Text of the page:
Avalanche Advisory for Thursday, February 9, 2017

This advisory will expire at Midnight.

Huntington Ravine will have HIGH and CONSIDERABLE avalanche danger today. Central, Pinnacle, Odell, and South will have High avalanche danger. Natural avalanches will become likely and human-triggered avalanches, very likely. All other forecast areas in Huntington will have Considerable avalanche danger. Natural avalanches will be possible and human-triggered avalanches likely.

Tuckerman Ravine has HIGH and CONSIDERABLE avalanche danger today. Sluice, Lip, Center Bowl, Chute, Left Gully and Hillman’s Highway will have High avalanche danger. Natural avalanches will become likely and human-triggered avalanches very likely. Lobster Claw, Right Gully, and Lower Snowfields will have Considerable avalanche danger. Natural avalanches will be possible and human-triggered avalanches likely.  Open water and ice remain exposed in the Little Headwall and the creek above. It is skiable but people have been occasionally punching through into water beneath.

 AVALANCHE PROBLEM: Wind slabs developing later today will be the primary avalanche problem. Light winds early today will allow new snow to develop into a soft, weak layer over the existing ice crust. West winds will shift northwest and ramp up through the day, ultimately building wind slabs that are likely to overcome the strength of the weak layer beneath. Natural avalanches will become increasingly likely by afternoon in leeward areas of a west or northwest wind with considerable danger even in areas with a southerly aspect. Travel in avalanche terrain later in the day is not recommended.

WEATHER: Currently, winds on the summit are in the 20 mph range from the southwest with 6F on the thermometer. Moderate snowfall began this morning on light winds at 6:30am at Pinkham Notch which is currently at 13F. Bands of precipitation on the radar show that the low pressure system to our south is likely to send the 4-6” snowfall our way pretty easily. A discussion with an NWS forecaster this morning indicates that models are incorrectly showing the wind speed and direction shift occurring 6-8 hours later than actual so make your travel decisions based on the MWObs forecast today. Expect west to northwest loading wind speeds to be blowing by noon and increasing to 50-70 mph by dark.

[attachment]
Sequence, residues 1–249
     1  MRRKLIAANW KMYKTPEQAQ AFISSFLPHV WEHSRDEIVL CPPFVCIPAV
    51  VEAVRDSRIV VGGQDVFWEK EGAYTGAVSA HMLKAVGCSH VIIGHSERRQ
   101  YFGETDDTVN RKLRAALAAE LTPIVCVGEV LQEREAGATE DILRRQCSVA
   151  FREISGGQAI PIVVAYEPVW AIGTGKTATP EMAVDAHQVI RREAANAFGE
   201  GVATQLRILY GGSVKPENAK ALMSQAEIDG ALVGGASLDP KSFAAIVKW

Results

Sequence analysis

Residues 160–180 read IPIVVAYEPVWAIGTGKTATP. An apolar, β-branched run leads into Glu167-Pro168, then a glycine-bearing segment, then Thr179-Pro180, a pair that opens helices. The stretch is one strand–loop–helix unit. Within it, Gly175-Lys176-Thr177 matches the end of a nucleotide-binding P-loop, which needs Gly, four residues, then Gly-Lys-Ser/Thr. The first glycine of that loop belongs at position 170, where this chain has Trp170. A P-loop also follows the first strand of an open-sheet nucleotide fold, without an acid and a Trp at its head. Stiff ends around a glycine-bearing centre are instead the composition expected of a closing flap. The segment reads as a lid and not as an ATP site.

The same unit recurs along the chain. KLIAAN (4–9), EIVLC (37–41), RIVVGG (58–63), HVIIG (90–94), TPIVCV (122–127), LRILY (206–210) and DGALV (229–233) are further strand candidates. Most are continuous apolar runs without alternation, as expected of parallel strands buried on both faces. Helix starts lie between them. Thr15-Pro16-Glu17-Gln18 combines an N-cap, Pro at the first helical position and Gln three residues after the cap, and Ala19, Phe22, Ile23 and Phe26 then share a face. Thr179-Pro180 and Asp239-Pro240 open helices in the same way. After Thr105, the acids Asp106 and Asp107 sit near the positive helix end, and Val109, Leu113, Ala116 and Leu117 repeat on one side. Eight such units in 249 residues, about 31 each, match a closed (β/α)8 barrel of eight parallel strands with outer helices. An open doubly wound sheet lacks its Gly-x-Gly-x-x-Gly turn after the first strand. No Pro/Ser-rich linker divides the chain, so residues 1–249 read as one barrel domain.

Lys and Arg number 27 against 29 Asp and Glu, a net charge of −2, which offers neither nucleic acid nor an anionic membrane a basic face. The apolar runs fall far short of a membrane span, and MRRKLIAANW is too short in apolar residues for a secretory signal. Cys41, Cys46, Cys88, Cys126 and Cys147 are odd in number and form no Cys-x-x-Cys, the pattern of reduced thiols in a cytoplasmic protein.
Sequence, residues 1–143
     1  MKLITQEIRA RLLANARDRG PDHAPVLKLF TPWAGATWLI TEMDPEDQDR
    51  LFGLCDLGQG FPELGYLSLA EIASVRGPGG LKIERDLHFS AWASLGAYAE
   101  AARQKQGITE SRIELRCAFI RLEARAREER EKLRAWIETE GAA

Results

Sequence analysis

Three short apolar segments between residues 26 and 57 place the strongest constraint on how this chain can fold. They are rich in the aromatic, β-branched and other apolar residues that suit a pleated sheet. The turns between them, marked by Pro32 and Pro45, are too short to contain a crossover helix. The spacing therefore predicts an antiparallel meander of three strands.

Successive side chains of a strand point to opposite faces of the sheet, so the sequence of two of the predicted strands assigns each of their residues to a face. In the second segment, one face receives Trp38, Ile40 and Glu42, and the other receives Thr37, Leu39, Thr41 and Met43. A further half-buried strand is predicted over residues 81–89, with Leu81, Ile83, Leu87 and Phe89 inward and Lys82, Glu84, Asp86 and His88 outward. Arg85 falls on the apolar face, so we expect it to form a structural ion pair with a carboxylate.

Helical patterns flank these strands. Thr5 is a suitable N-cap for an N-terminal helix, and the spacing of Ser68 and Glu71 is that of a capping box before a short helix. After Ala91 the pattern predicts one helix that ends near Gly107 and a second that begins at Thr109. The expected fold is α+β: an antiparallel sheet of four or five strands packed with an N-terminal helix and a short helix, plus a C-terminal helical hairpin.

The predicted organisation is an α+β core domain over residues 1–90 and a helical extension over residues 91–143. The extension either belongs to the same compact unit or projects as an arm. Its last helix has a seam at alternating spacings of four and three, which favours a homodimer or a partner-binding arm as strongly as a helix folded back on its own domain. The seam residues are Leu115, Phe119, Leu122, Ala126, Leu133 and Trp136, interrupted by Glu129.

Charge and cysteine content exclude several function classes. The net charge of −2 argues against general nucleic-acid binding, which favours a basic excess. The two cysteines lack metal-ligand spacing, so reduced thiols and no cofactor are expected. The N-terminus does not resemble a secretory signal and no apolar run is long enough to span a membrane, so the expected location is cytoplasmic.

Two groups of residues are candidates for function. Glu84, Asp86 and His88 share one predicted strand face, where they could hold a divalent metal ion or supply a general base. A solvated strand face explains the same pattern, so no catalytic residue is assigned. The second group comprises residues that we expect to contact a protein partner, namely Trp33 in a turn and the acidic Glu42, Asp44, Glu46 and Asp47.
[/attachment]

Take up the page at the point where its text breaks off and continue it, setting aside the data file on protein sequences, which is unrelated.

SNOWPACK: The 8” of snow and sleet capped by a 3cm crust is our bed surface today, at least in areas that did not avalanche. Anticipate the failure layer for avalanches later today to be the new snow falling this morning. Light winds this morning will allow new snow crystals to lay down relatively undamaged while cold temperatures will not improve settlement and bonding. Increasing wind speeds will create increasingly dense wind slabs that will grow in mass until they exceed the carrying capacity of the weak new snow below. Threading the needle today between dust on crust skiing and being swept by an avalanche will require impeccable observation skills, terrain management and a fair amount of luck. Seems like a good day to go to the resort or seek some lower elevation glades or trails in the afternoon. Our forecast areas are currently well developed so be aware of avalanches from places like Dodge Drop and Duchess to run into Hillman’s and Lower Snowfields. Avalanche path extent and the icy bed surface also indicate that dry, slab avalanches today and tonight, while not historically large, could run pretty darn far.

Please Remember:

  • Safe travel in avalanche terrain requires training and experience. This advisory is just one tool to help you make your own decisions in avalanche terrain. You control your own risk by choosing where, when, and how you travel.
  • Anticipate a changing avalanche danger when actual weather differs from the higher summits forecast.
  • For more information contact the Forest Service Snow Rangers, the AMC at the Pinkham Notch Visitor Center, or the caretakers at Hermit Lake Shelters or the Harvard Cabin.
  • Posted  8:15 a.m., Thursday, February 9, 2017. A new advisory will be issued tomorrow.

Frank Carus, Snow Ranger
USDA Forest Service
White Mountain National Forest
(603) 466-2713 TTY (603) 466-2713

2017-02-09